to their nest in a distant spring:

 

because love cannot always fly without resting,

our lives return to the wall, to the rocks of the sea:

our kisses head back home where they belong.

 

~ Pablo Neruda

 

Your turn.

 

Poetry Club, day 11

In The Joy of Poetry I often said there is no secret to understanding poetry. Because I delight in contradiction, I give you a poem about the secret meaning of a poem. I love the turn in the poem where she begins to talk about her poetry and what secrets it might or might not hold.

P.S. Glynn Young wrote a nice essay about Denise Levertov at Tweetspeak a while back.

 

The Secret 

 

Two girls discover

the secret of life

in a sudden line of

poetry.

 

I who don’t know the

secret wrote

the line. They

told me

 

(through a third person)

they had found it

but not what it was

not even

 

what line it was. No doubt

by now, more than a week

later, they have forgotten

the secret,

 

the line, the name of

the poem. I love them

for finding what

I can’t find,

 

and for loving me

for the line I wrote,

and for forgetting it

so that

 

a thousand times, till death

finds them, they may

discover it again, in other

lines

 

in other

happenings. And for

wanting to know it,

for

 

assuming there is

such a secret, yes,

for that

most of all.

 

Denise Levertov

 

Your turn.

 

 

Poetry Club, day 10

I have a chapter in The Joy of Poetry about poems as songs. This was one I got permission for, but it was a little steep. J. Patrick Lewis has been the children’s poet laureate, and a lot of his poems convey history.

If you don’t know the legend of blues guitarist Robert Johnson, who sold his soul to the devil at the crossroads in exchange for the ability to play guitar, well, here it is as a poem. It’s one long quotation, with the devil talking to Mister Johnson.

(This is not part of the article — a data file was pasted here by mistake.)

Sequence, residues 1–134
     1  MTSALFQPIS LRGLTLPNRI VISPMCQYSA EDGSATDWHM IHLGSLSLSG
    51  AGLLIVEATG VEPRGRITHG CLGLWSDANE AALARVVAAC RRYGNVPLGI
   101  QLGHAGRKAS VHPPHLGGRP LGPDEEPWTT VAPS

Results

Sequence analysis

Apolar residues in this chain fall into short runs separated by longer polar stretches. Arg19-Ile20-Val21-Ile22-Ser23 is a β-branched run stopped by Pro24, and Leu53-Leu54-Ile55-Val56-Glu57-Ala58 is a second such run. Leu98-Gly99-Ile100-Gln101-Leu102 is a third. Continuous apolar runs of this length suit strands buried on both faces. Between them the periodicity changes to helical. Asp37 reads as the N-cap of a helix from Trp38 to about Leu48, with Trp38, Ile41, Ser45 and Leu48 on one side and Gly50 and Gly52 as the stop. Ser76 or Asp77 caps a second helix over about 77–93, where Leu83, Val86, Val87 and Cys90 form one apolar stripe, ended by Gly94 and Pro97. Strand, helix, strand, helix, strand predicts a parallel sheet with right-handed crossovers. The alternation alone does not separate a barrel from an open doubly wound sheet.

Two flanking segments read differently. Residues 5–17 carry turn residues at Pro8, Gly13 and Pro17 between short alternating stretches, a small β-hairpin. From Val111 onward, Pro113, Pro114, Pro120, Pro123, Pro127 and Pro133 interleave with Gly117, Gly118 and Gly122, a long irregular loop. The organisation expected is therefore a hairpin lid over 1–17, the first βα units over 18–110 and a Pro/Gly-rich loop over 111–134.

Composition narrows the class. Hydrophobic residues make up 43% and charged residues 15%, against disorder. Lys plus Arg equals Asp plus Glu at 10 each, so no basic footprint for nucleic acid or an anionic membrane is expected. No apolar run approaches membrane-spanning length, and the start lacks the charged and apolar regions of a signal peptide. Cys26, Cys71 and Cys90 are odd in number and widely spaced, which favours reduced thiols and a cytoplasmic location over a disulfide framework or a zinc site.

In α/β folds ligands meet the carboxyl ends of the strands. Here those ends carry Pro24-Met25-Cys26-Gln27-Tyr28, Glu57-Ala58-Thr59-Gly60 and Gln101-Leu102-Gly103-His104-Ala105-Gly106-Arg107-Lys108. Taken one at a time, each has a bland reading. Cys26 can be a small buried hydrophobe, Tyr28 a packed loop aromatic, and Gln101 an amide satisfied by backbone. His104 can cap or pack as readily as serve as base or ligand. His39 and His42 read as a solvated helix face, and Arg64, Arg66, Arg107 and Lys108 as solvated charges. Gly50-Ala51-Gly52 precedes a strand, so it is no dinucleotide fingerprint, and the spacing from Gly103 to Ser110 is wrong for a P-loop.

At the Crossroad, Highways 61 and 49

 

“Mister Johnson

I see you look to buyin’

Mister Johnson

That all you want is Fame?

Mister Johnson

Now what you got to offer?

Mister Johnson

Salvation is my name

With a rhythm on a riff

That’s practically God

Oh Lord, I’m a pure

Undivining rod

I’m a flickerin’ candle

With the blackest light

I’m the darkest angel

And I own the night

Mister Johnson

That instrument you got there

Mister Johnson

It’s Lucifer’s guitar

Mister Johnson

I’ll tune it for you, baby

Mister Johnson

They won’t know who you are

I’m a cutthroat seller,

The Magician of Deal

Who can stoke sweet fire

That’ll make you feel

Like a hothouse flower

On double defrost

Who won’t give a nickel

For the petals it lost

Mister Johnson

You slink on back to livin’

Mister Johnson

In devil-may-care control

Mister Johnson

Don’t thank me for the favor

Mister Johnson

I thank you for your soul”

 

~ J. Patrick Lewis

 

Your turn.

Poetry Club, day 9

I think at some point I gave up on including this one The Joy of Poetry, but it’s so good. Every writer should know it.

Laura Brown referenced this poem on her blog in a short entry titled “Writer’s Daughter.” I already liked the poem, but her personal reflection opened it up to me in a new way.

That’s the best way to take in a poem — personalize it.

 

Digging

 

Between my finger and my thumb

The squat pen rests; snug as a gun.

 

Under my window, a clean rasping sound

When the spade sinks into gravelly ground:

My father, digging. I look down

 

Till his straining rump among the flowerbeds

Bends low, comes up twenty years away

Stooping in rhythm through potato drills

Where he was digging.

 

The coarse boot nestled on the lug, the shaft

Against the inside knee was levered firmly.

He rooted out tall tops, buried the bright edge deep

To scatter new potatoes that we picked,

Loving their cool hardness in our hands.

 

By God, the old man could handle a spade.

Just like his old man.

 

My grandfather cut more turf in a day

Than any other man on Toner’s bog.

Once I carried him milk in a bottle

Corked sloppily with paper. He straightened up

To drink it, then fell to right away

Nicking and slicing neatly, heaving sods

Over his shoulder, going down and down

For the good turf. Digging.

 

The cold smell of potato mould, the squelch and slap

Of soggy peat, the curt cuts of an edge